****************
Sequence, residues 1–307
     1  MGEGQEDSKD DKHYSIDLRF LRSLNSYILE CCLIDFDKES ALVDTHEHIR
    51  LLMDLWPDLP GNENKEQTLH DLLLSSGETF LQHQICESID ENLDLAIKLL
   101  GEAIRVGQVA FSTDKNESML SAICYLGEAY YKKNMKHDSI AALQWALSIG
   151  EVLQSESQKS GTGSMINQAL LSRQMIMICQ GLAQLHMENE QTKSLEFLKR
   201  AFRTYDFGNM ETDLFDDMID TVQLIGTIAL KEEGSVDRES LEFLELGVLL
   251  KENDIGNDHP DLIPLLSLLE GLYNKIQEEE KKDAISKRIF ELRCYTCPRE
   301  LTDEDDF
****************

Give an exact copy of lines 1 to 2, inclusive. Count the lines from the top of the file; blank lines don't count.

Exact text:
Sequence, residues 1–307
     1  MGEGQEDSKD DKHYSIDLRF LRSLNSYILE CCLIDFDKES ALVDTHEHIR